The HBO dramedy Looking takes a look into the lives of three tight-knit gay friends living in San Francisco. The indie film-styled series, created by Michael Lannan and directed mostly by Andrew Haigh, features a diverse cast of men that hope audiences can appreciate the show’s naturalism and complex characters.
Looking‘s cast attended Atlanta’s #aTVfest recently for a screening of episodes three and four. The show’s primary actors Jonathan Groff (Patrick, video game developer and hopeless romantic), Murray Bartlett (Dom, a waiter with big dreams approaching 40) and Frankie J. Alvarez (Agustin, free-spirited artist) sat at a roundtable joking with one another. During filming, all the actors stick to the script as written but can be playful and improvise when needed.
The trio have chemistry off-screen like their on-screen portrayals. “We’re fortunate we connected immediately once we met. The show didn’t set out to be a multicultural show. It set out to be a show about three characters and their worlds. By default, they have multicultural worlds, which make it accessible to a lot of people. It was about trying to be true to the characters,” says Bartlett with an Australian accent.
Lannan and Haigh, also Looking‘s producers, are both credited by the cast for creating a positive work environment both on- and off-set. The duo suggested everyone meet significant others and partners to inform similar relationships on-screen. Looking‘s brainchildren also allowed the cast to have an open door policy when it came to stage directions and furthering character development.
Mexican-American actor Raul Castillo, who portrays Patrick’s love interest, Richie, spoke in detail about Haigh’s directorial style and professionalism. “[Andrew] is willing to investigate character. He was always willing to take time to answer the questions that we needed to play the scene. When you work on TV, people wanna rush through things. He wouldn’t lean forward until he figured things out. It was the spirit in how we worked,” says a deep voiced Castillo with his arms crossed.
Looking‘s cast members share extensive theatre backgrounds as a common denominator. “We have a sense of audience,” says Groff, also a Tony-nominated actor for his performance in Spring Awakening. Castillo, a straight man in real life as well as fellow Latino actor Alvarez, who is Cuban-American, didn’t find his role intimidating because the cast and crew were on the same page. “We all came to work everyday and worked towards a common goal. Everyone was there, and they really believed in the show,” says Castillo.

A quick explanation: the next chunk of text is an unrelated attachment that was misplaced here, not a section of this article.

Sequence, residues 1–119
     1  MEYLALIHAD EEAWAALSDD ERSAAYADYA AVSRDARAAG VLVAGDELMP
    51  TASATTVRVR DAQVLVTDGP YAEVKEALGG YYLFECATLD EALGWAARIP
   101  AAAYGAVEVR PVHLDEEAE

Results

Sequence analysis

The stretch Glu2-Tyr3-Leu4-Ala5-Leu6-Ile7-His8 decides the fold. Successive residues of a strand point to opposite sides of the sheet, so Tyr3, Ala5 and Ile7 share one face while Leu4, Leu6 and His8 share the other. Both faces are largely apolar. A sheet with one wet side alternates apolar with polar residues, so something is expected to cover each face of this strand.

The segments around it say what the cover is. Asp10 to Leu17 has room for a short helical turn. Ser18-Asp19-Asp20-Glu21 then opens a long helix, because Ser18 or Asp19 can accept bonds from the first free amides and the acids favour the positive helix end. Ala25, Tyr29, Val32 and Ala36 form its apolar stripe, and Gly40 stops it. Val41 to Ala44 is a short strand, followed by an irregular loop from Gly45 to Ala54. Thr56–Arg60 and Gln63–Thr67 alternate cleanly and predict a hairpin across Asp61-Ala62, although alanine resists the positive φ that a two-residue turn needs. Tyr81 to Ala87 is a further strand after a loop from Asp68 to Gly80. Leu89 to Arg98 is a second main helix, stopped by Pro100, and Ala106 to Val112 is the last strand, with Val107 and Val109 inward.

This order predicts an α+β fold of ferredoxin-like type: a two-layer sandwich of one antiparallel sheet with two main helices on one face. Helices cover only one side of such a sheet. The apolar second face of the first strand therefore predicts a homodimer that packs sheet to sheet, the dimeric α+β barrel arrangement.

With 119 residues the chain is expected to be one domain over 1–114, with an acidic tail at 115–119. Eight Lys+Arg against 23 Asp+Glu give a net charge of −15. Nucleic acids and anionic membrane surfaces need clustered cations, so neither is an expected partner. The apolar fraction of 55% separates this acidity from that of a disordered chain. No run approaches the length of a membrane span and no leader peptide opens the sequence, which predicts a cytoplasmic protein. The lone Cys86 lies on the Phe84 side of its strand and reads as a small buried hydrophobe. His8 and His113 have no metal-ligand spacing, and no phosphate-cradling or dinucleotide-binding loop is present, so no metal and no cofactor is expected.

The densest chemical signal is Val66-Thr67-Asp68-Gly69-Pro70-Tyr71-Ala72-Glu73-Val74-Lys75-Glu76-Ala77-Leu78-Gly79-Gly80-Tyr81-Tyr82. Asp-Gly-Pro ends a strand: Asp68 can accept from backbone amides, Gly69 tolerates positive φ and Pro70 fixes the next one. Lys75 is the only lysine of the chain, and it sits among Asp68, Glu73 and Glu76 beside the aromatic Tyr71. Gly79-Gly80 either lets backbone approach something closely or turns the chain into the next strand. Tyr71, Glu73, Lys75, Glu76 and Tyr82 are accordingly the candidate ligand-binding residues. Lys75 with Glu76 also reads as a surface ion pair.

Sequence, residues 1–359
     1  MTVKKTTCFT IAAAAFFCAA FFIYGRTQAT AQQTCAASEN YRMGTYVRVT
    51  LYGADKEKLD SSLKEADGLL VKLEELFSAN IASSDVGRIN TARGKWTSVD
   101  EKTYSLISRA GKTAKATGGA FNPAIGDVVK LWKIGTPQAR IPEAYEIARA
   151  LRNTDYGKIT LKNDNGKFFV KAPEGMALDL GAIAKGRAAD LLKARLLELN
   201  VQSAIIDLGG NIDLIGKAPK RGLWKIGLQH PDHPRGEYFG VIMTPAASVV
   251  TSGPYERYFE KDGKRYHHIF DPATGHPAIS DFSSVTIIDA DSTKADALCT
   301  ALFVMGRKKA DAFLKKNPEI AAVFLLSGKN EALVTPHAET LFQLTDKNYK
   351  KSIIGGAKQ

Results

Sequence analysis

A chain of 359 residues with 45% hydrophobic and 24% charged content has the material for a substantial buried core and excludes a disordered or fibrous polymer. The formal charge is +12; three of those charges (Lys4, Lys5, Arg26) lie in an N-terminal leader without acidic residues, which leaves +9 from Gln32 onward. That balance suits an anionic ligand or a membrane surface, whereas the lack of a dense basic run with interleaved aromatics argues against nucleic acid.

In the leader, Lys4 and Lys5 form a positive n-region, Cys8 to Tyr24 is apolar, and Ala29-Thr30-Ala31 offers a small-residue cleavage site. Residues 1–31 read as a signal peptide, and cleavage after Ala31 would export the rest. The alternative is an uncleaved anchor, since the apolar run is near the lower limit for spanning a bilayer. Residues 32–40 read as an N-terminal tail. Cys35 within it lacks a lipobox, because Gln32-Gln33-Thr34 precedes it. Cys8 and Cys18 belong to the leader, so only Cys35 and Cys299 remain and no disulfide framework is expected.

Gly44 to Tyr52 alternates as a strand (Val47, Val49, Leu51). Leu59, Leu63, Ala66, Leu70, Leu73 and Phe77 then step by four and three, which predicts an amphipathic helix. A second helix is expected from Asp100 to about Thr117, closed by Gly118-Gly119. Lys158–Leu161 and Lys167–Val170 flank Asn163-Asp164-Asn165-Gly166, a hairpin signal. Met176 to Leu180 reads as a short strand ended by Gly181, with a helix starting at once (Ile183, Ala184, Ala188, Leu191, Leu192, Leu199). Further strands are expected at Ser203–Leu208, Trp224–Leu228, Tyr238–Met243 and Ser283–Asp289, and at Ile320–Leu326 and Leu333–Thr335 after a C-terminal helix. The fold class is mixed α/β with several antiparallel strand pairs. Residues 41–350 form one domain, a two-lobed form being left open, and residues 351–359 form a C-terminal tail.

O.T. Fagbenle, the critically acclaimed Nigerian-British actor who plays Frankie, Agustin’s partner and musician, shares Castillo’s sentiments about their supporting roles being well-developed characters. Fagbenle calls Frankie “a sweetheart.” In the season opener, Frankie is trying to convince Agustin to cohabitate and even participates in having an open relationship with Agustin.
Fagbenle knows his presence on Looking as a black character is essential. “People of color find it frustrating when they don’t see representation of themselves on-screen. Everyone wants to see their story told. I have all types of people within me. People have the possibility of being anyone. Acting is about presence, and in TV, you just try to tell the truth,” says Fagbenle with his heavy British accent.
Castillo considers Richie “a breath of fresh air.” He concurs with Fagbenle about a lack of ethnic characters on cable television programming. On the other hand, he believes Richie’s ethnic origins is the least interesting thing about him. “That’s just part of him. That’s what all of us actors of color are always looking for. We’re so much more than what the industry sees,” he says.
Fagbenle acknowledges how creative teams in television sometimes display prejudiced attitudes towards diverse cast members. This was not the case during Looking‘s production. He heralds Lannan’s personality similar to Castillo’s assessment of Haigh. “It’s amazing there are writers who don’t seem to hang out with black or Hispanic people, so they write stories that don’t include these people. It’s a testament to [Michael] and his eclectic life. He interacts with people. He’s a very open-hearted man. It reflects in the show,” he says.
Critics and viewers have given Looking mixed reviews about how accurate or inaccurate its portrayals of gay culture are. Despite the cheers or jeers, the show was just renewed for a second season. The cast collectively agree on the importance of a show like Looking not stereotyping gay male characters as only hypersexual, melodramatic or effeminate. If you wanted to see some hypersexual action though, going to websites similar to teentuber.xxx to give you some perspective on what is exactly meant by hypersexual. There is a wide variety of gay males and it wouldn’t be accurate or fair to represent them as a single caricature that doesn’t capture more sides of the gay male community.
“It’s impossible to please everyone. We’re being really specific here so that people can see themselves in these circumstances hopefully,” says Alvarez. Groff adds, “Once it hits the air, everyone has an opinion whether it did or didn’t represent. It’s just great to get people talking,” he says.
Fagbenle brings it home. “They’re all individuals with individual stories of love and loss trying to make these relationships work — failing and succeeding. I’d like for audiences to identify with people and their own individual journey within that. That so rarely happens,” he says.
Looking airs on HBO on Sundays at 10:30 p.m.
This post was written by Christopher A. Daniel, pop cultural critic and music editor for The Burton Wire. He is also a contributing writer for Urban Lux Magazine and Blues & Soul Magazine. Follow Christopher @Journalistorian on Twitter.